The United States Supreme Court held that, in order to recover monetary compensation for an allegedly unconstitutional conviction or sentence or for "harm caused by actions whose unlawfulness would render a conviction or sentence invalid," a prisoner must show that the conviction or sentence has been "reversed on direct appeal, expunged by executive order, declared invalid by a state tribunal authorized to make such determination, or called into question by a federal court's issuance of a writ of habeas." Heck v. Humphrey, 512 U.S. 477, 486-487, 114 S.Ct. 2364, 129 L.Ed.2d 383 (1994). Heck, which involved a civil rights claim brought by a state prisoner, is also applicable to claims for injunctive relief that imply the invalidity of the conviction. Kutzner v. Montgomery County, 303 F.3d 339, 340-41 (5th Cir.2002). Further, the Heck doctrine has been held to apply to a claim brought pursuant to 42 U.S.C. § 1983 by a state prisoner for damages and declaratory relief which challenges the validity of the procedures used to deprive him of good time credits. See Edwards v. Balisok, 520 U.S. 641, 646-648, 117 S.Ct. 1584, 137 L.Ed.2d 906 (1997)(deciding that a § 1983 civil rights action which claims necessarily imply the invalidity of a disciplinary action is not cognizable unless the disciplinary action has been reversed, expunged or otherwise invalidated).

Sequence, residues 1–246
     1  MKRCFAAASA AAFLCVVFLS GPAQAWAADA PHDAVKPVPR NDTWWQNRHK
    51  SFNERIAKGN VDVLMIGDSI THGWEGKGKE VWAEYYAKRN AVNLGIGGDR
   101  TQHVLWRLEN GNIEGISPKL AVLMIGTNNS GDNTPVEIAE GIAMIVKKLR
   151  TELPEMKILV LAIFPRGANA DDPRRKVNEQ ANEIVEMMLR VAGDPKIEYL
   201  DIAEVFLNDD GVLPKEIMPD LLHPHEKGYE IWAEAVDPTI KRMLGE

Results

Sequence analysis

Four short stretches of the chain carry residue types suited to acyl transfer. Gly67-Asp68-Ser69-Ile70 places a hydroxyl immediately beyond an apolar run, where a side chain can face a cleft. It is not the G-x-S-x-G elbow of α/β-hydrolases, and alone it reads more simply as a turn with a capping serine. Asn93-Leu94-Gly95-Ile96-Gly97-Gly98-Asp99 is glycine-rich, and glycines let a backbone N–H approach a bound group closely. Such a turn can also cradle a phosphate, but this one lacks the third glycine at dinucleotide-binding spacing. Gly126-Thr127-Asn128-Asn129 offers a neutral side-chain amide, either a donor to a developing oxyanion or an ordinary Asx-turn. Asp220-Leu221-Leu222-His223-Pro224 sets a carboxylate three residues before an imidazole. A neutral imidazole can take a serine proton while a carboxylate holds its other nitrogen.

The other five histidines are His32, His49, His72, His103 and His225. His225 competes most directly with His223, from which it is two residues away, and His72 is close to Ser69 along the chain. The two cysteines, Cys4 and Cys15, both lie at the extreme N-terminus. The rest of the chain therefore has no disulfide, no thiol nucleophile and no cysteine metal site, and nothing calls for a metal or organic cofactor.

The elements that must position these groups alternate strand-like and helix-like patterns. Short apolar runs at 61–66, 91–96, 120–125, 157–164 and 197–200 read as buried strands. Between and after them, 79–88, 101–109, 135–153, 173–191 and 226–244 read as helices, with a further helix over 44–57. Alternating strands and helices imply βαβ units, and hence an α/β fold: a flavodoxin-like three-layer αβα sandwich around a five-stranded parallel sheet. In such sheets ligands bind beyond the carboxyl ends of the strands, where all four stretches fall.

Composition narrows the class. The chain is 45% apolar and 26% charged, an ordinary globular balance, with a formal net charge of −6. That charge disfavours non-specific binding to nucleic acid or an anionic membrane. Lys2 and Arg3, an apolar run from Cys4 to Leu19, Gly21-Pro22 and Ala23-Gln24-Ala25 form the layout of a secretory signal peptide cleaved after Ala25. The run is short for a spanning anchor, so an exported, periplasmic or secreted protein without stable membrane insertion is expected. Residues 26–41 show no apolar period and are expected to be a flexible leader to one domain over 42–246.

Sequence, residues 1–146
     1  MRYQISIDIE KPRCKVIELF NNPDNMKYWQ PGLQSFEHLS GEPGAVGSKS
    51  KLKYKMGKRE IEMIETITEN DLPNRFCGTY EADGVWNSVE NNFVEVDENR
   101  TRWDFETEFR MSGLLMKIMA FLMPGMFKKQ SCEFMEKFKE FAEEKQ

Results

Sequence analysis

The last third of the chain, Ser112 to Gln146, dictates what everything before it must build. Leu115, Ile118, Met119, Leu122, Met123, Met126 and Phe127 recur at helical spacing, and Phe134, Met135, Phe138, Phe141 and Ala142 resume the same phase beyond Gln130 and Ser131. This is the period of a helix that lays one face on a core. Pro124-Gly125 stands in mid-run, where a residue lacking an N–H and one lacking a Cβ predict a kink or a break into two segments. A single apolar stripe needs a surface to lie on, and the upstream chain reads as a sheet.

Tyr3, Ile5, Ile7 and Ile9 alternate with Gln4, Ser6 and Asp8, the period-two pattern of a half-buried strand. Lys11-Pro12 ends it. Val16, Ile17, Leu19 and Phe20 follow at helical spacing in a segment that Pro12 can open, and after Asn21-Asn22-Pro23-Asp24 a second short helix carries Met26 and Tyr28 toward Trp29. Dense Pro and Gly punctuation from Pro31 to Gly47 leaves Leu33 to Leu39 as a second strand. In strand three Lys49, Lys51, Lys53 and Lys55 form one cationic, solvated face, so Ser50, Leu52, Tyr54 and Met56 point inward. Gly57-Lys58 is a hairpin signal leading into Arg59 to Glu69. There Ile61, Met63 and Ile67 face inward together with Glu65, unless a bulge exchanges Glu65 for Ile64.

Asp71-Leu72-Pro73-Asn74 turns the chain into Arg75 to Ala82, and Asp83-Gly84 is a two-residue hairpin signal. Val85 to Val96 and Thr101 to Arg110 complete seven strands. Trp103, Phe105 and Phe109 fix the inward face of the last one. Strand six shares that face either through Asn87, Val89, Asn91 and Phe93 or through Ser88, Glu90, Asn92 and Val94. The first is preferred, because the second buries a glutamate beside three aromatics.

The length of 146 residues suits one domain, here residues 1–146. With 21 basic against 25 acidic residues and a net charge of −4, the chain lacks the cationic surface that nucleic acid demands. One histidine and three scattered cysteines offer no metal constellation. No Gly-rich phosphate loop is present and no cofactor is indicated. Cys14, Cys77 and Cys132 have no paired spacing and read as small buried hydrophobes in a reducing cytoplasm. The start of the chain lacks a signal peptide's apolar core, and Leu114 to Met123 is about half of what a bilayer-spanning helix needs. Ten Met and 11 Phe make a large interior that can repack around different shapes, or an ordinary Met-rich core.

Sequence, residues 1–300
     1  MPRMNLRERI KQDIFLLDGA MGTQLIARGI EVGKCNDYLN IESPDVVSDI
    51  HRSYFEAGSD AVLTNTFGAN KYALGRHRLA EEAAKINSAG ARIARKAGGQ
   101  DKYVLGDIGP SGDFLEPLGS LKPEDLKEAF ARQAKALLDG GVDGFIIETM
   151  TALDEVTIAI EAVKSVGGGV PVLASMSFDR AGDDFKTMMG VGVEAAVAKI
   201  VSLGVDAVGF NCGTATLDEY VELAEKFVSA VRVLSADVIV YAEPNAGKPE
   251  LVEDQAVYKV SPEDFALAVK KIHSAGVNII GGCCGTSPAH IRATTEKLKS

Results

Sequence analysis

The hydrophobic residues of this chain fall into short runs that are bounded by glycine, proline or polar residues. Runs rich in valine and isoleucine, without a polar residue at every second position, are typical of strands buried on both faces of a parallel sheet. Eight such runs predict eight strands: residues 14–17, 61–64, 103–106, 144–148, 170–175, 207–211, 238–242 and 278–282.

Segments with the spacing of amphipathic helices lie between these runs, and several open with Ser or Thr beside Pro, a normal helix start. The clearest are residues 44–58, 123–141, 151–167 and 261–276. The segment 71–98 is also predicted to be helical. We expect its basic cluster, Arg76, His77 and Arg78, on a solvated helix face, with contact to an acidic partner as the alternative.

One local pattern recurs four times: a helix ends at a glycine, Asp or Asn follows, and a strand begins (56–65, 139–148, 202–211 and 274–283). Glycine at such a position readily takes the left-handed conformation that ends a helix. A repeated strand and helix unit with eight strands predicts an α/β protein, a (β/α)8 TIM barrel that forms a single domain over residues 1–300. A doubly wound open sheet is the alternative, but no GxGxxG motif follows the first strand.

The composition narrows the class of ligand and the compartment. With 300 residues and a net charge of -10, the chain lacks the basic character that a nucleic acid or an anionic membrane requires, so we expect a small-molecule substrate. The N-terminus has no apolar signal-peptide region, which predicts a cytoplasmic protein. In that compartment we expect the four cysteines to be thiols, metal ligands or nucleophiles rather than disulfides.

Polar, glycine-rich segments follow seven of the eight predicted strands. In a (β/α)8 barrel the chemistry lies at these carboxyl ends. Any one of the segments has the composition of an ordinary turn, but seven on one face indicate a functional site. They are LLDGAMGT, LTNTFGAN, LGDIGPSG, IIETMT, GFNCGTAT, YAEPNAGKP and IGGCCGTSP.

As previously stated, plaintiff seeks monetary compensation for each day that he is wrongfully imprisoned following his "correct" release date. If the court were to grant plaintiff the damages he seeks, such ruling would necessarily implicate the validity of the challenged administrative findings in this case. Accordingly, under Heck, plaintiff must demonstrate that his sentence has been reversed, invalidated, or expunged prior to bringing the instant action. Plaintiff has failed to make such a showing. Consequently, his claim for monetary damages is "legally frivolous" within the meaning of 28 U.S.C. § 1915. See Hamilton v. Lyons, 74 F.3d 99, 102-103 (5th Cir.1996).